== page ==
Women who blew the whistle on the culture of sexual harassment in Brussels have been accused of “populism” and damaging the EU’s image.
Victims who exposed the European Union as “an absolute hotbed of sexual harassment” where officials and MEPs — some very advanced in years — would proposition, grope, and masturbate in front of young female staffers say the bloc’s institutions have been working to silence them and cover up the abuse.
Senior staff at one EU agency who were trained to handle abuse complaints told The Times they were instructed to intimidate women who considered reporting their harassment to the media, as it could be “detrimental to the interests” of the bloc.
“We were supposed to tell victims they should not speak to the press; if they did, the institution could take legal action since speaking to the media would be against staff regulations and could bring the employer into disrepute,” a source confessed.
Weinsteingate comes to Brussels: EU Parliament a "hotbed of harassment" where MEPs masturbate in front of aides
— Jack Montgomery ن (@JackBMontgomery) October 22, 2017
Vladimír Manka, a member of the harassment committee, is said to have accused frustrated victims who went to the press of “populism” and damaging the EU’s reputation.
Jeanne Ponté, 27, who was victimised during her time as an MEP’s assistant, said complaints of sexual harassment were often dismissed by officials with reference to “different cultural backgrounds”.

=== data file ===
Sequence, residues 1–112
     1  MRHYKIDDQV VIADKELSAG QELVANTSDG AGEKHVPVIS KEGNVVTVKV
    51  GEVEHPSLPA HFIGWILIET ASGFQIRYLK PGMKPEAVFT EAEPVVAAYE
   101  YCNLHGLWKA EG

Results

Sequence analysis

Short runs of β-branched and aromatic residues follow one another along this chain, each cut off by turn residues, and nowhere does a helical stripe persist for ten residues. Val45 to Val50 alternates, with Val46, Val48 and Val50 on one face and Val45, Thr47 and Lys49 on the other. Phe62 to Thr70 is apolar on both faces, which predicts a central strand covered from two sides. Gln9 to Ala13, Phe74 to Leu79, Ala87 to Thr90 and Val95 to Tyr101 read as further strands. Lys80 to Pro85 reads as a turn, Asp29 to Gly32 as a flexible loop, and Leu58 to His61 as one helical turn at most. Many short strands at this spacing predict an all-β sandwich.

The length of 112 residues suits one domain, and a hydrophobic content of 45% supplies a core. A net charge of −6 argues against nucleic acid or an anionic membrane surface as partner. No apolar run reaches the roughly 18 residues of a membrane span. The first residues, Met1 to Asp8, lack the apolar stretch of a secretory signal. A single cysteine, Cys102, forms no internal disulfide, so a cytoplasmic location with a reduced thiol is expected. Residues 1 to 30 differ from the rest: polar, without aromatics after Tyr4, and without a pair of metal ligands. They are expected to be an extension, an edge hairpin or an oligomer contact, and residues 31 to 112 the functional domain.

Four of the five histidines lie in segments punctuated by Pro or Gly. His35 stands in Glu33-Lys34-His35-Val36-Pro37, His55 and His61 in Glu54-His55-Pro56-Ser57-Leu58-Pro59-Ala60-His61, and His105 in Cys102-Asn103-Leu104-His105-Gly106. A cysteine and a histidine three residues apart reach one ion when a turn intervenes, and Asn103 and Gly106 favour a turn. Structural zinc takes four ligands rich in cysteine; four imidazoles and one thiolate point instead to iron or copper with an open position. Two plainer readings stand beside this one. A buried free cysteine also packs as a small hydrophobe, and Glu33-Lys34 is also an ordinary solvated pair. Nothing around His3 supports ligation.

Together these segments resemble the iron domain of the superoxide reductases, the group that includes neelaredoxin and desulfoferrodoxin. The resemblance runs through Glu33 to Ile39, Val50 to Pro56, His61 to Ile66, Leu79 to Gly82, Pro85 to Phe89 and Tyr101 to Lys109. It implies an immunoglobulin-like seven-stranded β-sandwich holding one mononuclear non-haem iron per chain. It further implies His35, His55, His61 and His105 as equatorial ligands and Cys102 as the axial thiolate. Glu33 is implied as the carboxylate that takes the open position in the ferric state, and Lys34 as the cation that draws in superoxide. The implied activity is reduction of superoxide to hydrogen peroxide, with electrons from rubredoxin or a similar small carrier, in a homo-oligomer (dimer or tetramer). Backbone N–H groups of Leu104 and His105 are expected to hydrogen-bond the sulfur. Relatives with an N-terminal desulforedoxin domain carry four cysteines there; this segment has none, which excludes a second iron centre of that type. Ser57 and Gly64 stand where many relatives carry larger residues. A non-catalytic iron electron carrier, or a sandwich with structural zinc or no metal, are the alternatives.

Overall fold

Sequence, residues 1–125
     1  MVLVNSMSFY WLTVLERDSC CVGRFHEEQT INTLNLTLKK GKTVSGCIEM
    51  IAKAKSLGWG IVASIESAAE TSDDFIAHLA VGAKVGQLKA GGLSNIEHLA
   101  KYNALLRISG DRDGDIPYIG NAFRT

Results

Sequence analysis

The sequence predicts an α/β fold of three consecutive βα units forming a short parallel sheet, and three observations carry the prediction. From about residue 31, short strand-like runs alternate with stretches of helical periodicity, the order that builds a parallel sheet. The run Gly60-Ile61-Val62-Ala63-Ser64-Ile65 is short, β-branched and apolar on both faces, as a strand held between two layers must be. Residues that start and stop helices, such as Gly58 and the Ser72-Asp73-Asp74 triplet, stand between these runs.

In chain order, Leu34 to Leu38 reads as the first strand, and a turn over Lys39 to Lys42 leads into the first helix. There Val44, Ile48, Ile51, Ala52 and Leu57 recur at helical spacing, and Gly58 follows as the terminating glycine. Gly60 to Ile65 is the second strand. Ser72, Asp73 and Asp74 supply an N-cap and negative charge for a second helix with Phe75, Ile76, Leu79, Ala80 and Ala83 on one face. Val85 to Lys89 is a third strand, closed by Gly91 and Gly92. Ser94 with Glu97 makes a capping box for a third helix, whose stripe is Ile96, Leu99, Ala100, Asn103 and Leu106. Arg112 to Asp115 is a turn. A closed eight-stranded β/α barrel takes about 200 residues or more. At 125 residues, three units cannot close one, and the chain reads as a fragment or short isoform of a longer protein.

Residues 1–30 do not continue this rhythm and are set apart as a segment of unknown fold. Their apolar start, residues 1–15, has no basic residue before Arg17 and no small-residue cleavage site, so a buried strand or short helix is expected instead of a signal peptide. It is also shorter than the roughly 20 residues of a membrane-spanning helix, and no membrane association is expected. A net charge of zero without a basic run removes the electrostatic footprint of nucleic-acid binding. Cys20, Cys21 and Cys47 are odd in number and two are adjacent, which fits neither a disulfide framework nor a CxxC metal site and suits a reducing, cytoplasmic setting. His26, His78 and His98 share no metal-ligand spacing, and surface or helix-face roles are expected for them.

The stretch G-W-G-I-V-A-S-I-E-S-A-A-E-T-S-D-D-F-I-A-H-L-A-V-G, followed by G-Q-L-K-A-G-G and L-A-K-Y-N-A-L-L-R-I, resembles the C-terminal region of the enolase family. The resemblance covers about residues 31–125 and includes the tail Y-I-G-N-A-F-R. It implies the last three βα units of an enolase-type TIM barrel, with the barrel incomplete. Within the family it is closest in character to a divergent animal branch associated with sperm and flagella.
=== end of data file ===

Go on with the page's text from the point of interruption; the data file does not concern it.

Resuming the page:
“This is about law, not about mentalities,” she complained. “To touch someone’s arse means the same in any culture.”
Another woman, a Robert Schuman EU traineeship grad with two master’s degrees who worked in the European Parliament’s information office in Madrid, was “subjected to intense harassment by her boss, a man twice her age”, which “[culminated] in him forcibly kissing her and indecently touching her”, according to The Times.
She ran away in tears and signed off on sick leave, but parliamentary authorities ignored the case until she went to the ombudsman.
“At one point I was heard by a panel of six men, and I came with a friend who is a lawyer — simply to support me, not to represent me — but they were irritated and asked me why I had brought a lawyer,” she recalled.
“They were more worried about the reputation of parliament than about what had happened. Even now I can’t get myself to speak publicly about this. There still is guilt and shame. We still fear them. That’s how these men get away with it.”
Her harasser, who had been accused by several other young women, never faced disciplinary measures or legal action, but was “helped into early retirement”.